Wuhan (30.5°N, 114.4°E), a megacity in central China, is frequently intruded by transported dust plumes in spring and winter (He and Yi, 2015). Yin et al. (2021) reported that Asian dust is responsible for an increase of 20% in ice-containing cloud fractions over Wuhan based on the statistics of 456 thin, midlevel cloud layers within two years. He et al. (2021a) found that, compared with original pure dust, the dust ice-nucleating efficiency (i.e., onset temperature) within midlevel cloud layers does not experience a distinct change over Wuhan even after the dust was transported thousands of kilometers. Wang et al. (2020) studied the statistical characteristics of cirrus clouds based on one year of polarization lidar data over Wuhan and found a positive correlation between the cirrus occurrence frequency and dust column mass density in seasons other than summer, suggesting that heterogeneous ice formation may take place therein. Consequently, the observation of dust-related ice nucleation within cirrus clouds over Wuhan is of particular interest for understanding the relative importance of homogeneous versus heterogeneous nucleation. Furthermore, the integrated observations by multiple ground-based lidars are of great importance and can provide first-hand information on the geometrical, optical, and microphysical properties of the cirrus clouds and dust layers, as well as atmospheric parameters including the water vapor mixing ratio, RHi, and temperature, which are all helpful for understanding the heterogeneous nucleating process.

      From December 2012 to February 2018, cirrus clouds relevant to transported dust layers were observed based on multiple ground-based lidar observations over Wuhan, China. In this paper, the relevant instrumentation and methodology are first briefly introduced in section 2. Then in section 3, two case studies and a statistical study are presented. In the last section, a summary and conclusions are given.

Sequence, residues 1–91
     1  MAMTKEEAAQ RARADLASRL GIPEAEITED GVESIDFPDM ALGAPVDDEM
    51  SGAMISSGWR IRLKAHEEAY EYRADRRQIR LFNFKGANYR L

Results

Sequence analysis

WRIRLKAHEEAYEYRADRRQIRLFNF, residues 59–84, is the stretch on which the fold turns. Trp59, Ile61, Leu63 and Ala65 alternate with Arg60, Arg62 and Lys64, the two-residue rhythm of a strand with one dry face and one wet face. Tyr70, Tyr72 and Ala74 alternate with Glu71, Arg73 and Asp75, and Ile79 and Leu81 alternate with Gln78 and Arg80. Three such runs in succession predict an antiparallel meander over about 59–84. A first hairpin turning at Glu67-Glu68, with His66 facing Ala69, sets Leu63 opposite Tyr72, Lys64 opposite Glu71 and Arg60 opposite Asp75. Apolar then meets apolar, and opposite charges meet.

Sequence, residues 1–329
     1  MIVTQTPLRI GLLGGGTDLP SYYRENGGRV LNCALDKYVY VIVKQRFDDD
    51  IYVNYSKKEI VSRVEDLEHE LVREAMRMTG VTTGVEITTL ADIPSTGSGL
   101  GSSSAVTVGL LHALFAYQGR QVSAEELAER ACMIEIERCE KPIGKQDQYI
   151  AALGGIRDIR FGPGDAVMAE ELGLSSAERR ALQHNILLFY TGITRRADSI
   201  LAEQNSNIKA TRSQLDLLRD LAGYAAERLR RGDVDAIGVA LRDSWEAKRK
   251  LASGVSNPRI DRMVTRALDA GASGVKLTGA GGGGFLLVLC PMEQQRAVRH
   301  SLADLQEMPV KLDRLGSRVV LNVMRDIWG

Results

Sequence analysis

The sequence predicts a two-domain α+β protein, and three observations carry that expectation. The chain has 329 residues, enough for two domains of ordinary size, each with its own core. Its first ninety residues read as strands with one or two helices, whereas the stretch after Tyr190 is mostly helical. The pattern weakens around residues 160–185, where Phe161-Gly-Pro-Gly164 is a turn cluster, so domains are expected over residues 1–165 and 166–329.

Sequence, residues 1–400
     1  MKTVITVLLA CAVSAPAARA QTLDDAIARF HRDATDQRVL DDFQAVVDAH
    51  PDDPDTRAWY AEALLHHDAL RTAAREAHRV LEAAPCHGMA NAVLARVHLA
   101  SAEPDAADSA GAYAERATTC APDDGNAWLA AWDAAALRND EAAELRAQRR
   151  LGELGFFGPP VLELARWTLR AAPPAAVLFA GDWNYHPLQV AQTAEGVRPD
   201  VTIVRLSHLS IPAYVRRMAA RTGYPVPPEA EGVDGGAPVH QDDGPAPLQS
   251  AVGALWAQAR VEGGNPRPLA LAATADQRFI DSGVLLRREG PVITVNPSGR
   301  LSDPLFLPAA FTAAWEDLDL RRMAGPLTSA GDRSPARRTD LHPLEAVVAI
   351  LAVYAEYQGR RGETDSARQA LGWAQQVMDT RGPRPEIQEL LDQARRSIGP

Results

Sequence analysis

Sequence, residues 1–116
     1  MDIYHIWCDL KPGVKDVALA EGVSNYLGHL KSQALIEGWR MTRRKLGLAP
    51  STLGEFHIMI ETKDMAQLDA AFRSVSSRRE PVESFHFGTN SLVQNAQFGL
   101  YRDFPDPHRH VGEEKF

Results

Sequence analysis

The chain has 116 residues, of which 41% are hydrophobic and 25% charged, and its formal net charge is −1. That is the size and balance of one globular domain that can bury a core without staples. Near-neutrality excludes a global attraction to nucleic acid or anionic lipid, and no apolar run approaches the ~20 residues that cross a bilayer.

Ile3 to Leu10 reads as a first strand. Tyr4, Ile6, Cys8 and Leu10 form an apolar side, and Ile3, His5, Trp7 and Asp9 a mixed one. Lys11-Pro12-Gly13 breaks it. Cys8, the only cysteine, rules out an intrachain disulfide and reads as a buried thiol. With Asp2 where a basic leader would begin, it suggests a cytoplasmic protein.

2.   Instrumentation and methodology
    • Since 2010, routine observations of aerosols, clouds, and precipitation have been carried out by using several ground-based lidar systems together with a sun photometer at our site on the campus of Wuhan University (Wang et al., 2020; He et al., 2021a, b, c; Yin et al., 2021). In this study, a 532 nm polarization lidar was the main instrument used to observe cirrus clouds and the optical properties of their related dust layers. In addition, a water vapor Raman lidar with a 355-nm laser was employed to derive the water vapor mixing ratio (WVMR) within the cirrus cloud (Wu and Yi, 2017). Combining the lidar-derived WVMR with temperature and pressure data from radiosondes, the relative humidity with respect to water (RHw) and ice (RHi) can be derived.